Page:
Against this background, the fact that a letter is written to a Church does not exclude the fact that it may be addresed to, and applicable for, those who are unbelievers.   So there are no a priori theological reasons which dictate that Durham could not take Rev 3:20 as being addressed to unbelievers.

But we can go further and gather Durham’s view on the make up of the Laodicean Church to which Rev 3:20 is addressed.  According to Durham this church is “without anything to hide or cover… before the justice of God… without [Christ’s righteousness].” Commentary on Revelation, p269.  John Brown of Wamphray (a gifted Scottish theologian and contemporary of Durham) went so far as to state that “a true visible church [may exist] without a single Christian in it; giving Laodicea as an example” (James Walker, The Theology and theologians of Scotland 1560-1750, p127).  Durham tentatively takes the same position as Brown – see p275-276 of the Revelation commentary.

To modern Evangelicals this may all seem a bit strange – a Church with no Christians?  However strange it may have been, this was the view of the Scottish Church in Durham’s time.

So to summarise, for Durham, the Epistle to the Laodiceans, and therefore Rev 3:20, is addressed to a group of unbelievers.  Rev 3:20 is an appeal addressed to unbelievers by Christ offering salvation to them.

“There is a wonderful depth of iniquity and hypocrisy in their case; but here is a far more wonderful depth and mystery of free grace and infinite love in the proposed cure.  It is proposed by way of offer under the expressions that belong to bargaining.”
Revelation, p271

So Christ shows the “mystery of free grace and infinite love” in the “offer” to the unbelieving Laodicean Church.  The gospel offer according to Durham is expressive of love.

In this offer the “wares proposed… [are] Jesus Christ himself”. Ibid.  So what is offered in the gospel is nothing short of Christ himself and all good things in him.

Durham calls particular attention to the “manner of Christ’s proposing the [gospel offer]”.   This is “I counsel thee, etc. which is not so proposed, as if it were left, indifferent to them to hearken or not… it is thus expressed, for these reasons… That thereby he may bear out his affection, who, as a friend, condescendeth to give them counsel in things that are of most concernment for their own good… It is thus expressed, to gain their consent the more willingly to the same: therefore in the Gospel He doth beseech and entreat, etc. that thereby hearts may be induced to submit cheerfully to Him… there is no sinner that heareth this Gospel, but he may think himself sufficiently warranted to close this bargain with Christ…” Ibid p272-273.

There are a number of key points brought out by this:

  • In the gospel Christ speaks to unbelievers as a “friend”
  • In the gospel Christ shows “affection” for the hearers
  • The gospel involves “condescension” on the part of Christ
  • The gospel is preached to unbelievers “for their own good”
  • It is preached in this manner “to gain their consent the more willingly”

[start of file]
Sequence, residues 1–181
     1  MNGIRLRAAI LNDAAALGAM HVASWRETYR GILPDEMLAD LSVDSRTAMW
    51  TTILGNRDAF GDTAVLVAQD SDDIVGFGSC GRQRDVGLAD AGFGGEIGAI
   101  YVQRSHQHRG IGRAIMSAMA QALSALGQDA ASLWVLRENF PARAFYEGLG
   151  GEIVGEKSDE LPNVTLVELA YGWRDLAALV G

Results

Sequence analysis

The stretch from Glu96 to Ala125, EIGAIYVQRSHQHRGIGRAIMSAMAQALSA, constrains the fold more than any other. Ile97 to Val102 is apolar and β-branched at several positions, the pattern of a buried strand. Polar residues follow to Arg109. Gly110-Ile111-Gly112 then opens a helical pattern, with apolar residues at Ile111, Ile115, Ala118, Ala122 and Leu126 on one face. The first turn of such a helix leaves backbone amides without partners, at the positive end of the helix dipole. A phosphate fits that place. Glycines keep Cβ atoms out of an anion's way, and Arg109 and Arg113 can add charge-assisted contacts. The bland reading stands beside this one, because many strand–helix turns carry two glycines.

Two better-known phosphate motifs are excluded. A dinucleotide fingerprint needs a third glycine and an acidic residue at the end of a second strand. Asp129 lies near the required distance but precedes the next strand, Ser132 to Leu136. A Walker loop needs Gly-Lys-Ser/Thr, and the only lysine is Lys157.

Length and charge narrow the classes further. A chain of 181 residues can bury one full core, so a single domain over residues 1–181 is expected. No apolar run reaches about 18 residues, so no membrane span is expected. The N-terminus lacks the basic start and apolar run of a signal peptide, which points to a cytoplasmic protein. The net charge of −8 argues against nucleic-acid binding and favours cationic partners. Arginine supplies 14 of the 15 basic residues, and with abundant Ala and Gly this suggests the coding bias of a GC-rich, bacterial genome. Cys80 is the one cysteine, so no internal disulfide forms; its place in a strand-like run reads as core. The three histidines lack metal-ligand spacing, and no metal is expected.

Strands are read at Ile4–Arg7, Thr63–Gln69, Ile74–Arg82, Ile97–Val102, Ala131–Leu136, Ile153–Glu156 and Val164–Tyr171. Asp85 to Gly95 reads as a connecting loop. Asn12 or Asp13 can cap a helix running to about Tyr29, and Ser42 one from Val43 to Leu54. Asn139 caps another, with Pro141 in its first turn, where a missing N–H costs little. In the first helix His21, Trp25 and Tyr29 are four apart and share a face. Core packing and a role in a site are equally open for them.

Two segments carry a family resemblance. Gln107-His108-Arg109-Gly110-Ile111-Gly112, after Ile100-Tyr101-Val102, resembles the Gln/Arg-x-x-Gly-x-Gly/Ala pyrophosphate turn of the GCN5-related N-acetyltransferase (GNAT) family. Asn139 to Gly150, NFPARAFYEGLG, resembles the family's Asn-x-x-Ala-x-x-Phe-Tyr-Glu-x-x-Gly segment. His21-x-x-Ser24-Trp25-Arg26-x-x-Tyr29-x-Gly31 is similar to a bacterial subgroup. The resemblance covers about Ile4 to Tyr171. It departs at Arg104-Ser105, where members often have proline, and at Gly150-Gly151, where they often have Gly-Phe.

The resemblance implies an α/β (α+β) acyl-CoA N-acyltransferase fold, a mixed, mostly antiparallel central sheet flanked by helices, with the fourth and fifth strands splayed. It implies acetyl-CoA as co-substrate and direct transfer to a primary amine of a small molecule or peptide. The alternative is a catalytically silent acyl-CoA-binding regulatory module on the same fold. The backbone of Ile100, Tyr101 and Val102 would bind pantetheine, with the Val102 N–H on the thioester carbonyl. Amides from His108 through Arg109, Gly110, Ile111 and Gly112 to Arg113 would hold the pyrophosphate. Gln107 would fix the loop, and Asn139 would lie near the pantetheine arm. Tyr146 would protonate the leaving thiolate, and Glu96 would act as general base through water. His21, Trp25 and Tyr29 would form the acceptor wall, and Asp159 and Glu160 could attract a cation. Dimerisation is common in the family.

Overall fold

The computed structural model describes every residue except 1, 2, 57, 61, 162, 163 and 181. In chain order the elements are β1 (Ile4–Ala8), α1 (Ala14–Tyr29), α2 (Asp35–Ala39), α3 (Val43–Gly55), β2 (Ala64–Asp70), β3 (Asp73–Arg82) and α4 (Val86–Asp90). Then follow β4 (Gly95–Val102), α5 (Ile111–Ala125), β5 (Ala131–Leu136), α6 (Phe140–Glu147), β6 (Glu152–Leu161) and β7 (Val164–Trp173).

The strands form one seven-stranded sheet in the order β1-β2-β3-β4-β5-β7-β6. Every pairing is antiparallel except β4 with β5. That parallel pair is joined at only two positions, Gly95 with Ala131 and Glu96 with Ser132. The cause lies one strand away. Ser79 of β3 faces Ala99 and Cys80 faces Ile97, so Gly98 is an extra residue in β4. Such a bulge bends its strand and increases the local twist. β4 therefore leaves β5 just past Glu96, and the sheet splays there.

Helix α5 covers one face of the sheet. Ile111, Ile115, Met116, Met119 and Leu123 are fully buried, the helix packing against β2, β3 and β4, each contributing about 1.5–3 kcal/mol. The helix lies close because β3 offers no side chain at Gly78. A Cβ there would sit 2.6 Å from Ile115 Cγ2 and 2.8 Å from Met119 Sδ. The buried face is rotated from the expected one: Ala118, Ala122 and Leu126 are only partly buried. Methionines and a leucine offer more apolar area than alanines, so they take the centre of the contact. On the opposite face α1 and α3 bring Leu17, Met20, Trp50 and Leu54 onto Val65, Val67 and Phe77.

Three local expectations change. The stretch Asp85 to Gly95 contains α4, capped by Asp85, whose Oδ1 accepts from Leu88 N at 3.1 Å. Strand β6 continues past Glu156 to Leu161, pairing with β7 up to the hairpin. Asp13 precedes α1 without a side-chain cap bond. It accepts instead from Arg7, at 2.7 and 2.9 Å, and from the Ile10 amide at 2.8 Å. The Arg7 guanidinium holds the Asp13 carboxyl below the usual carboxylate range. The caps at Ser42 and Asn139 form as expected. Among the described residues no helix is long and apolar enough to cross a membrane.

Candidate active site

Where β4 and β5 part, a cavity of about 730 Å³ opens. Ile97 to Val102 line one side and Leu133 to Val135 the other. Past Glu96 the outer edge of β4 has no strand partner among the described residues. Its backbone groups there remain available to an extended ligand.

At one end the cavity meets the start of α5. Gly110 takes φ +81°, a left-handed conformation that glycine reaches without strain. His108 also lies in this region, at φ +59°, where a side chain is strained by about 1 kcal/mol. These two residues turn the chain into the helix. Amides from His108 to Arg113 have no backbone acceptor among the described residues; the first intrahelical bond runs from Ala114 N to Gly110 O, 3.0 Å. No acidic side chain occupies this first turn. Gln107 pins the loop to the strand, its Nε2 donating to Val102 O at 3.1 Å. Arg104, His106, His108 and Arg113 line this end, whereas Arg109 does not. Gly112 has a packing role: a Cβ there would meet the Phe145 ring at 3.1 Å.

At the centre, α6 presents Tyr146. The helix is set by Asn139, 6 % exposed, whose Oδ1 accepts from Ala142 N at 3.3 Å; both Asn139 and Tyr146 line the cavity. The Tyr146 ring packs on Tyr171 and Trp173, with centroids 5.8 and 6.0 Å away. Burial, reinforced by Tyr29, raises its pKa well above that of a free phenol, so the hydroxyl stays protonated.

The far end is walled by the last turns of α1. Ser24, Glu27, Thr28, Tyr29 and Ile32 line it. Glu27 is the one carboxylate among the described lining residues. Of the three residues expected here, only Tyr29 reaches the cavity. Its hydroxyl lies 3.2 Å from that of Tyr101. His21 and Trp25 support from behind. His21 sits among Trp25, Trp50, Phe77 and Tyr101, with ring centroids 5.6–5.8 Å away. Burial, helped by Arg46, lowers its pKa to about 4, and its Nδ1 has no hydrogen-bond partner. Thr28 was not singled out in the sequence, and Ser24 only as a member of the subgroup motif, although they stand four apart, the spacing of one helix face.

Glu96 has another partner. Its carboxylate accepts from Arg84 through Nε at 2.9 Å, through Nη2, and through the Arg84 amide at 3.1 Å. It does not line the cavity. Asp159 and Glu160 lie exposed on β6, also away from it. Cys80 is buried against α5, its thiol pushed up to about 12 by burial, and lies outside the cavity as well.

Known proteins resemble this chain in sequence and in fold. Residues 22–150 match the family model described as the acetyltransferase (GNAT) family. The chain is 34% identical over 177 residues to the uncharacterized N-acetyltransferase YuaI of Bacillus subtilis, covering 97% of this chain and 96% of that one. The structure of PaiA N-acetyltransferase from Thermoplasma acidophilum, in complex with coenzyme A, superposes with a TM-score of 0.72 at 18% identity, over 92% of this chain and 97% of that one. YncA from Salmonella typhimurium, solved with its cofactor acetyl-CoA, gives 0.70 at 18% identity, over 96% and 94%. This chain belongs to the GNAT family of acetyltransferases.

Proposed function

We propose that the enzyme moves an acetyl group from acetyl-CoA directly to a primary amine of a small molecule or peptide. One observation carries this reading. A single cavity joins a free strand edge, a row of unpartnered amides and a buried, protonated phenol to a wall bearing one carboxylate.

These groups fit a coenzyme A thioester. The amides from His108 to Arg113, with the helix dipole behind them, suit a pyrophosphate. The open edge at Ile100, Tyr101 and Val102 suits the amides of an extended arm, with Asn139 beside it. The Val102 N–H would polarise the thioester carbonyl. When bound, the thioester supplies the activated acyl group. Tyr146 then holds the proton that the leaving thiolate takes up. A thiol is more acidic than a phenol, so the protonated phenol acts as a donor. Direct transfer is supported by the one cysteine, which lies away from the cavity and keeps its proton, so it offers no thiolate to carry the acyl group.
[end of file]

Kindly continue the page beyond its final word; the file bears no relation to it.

• In the gospel Christ “doth beseech and entreat”
  • This gospel preaching gives everyone a warrant to “close this bargain with Christ”

Durham goes on to note that Christ “loveth my visible Church” and that this gospel message calling for repentance “expresseth God’s love to them” Ibid p273.  Again note that this particular visible Church was made up entirely, in Durham’s opinion, of unbelievers.  So Christ loves unbelievers (not with an electing love, it should be noted).

Verse 20 is “a most instant and importunate pursuing of His offer”.  “Hearts naturally are as Castles shut and guarded by the devil against Christ: when He cometh with His Ordinances… notwithstanding of her many formal refusals.  Thus, He is said to stand at the door: whereby is holden forth… His patience that still waiteth on.” Ibid.

It is an amazing thing to see the patience of Christ in dealing with sinners who continually reject him! 

“He presseth [this offer]… by making His offer particular, as it were, bringing it to every man’s door, if any man hear my voice, and open the door, etc… What He [Christ] would have, is… hearkening to his voice, which he requireth…” Ibid.

Note that the gospel is not just a general message, rather it is a particular message to everyone who hears.

“This then is the duty called for, and the terms upon which the offer is made, to wit, Faith’s yielding to receive and admit Christ…The person called to this is expressed thus, if any man, etc. which putteth it to every hearer, as if it went round to every particular person, if thou, and thou, or thou, etc.”
Ibid p274.

“It is Christ, making this offer.”
Ibid p274.

We cannot say the gospel offer is only the preacher offering; it is Christ’s offer.

I’ll probably post a few of Durham’s uses of Rev 3:20 in preaching next week, together with some other uses of Rev 3:20 by Durham’s contemporaries.

Appendix 1 

Standing away from all this for a second, Durham has a very interesting little section at the start of his exposition of the Epistle to the Laodiceans where he discusses the statement, “I would thou wert cold or hot”.  Durham notes that “It cannot be thought that he [Christ] commandeth them to be cold; nor doth it imply any will or desire in him for such things simply; (for it cannot be thought that he is so indifferent concerning these extremes…” So there is no “will or desire” in Christ that the Laodiceans be “cold”.  Rather, it is the opposite.  Durham goes on to note that it would be incorrect to proceed from this and say that there is any intention in God for the “salvation of all men” distinguishing his position (and Reformed theology generally) from Arminians.  This last point relies of the distinction between the revealed will of God and the secret will of God (or his decree).  At some point in the future this will be the subject of a post.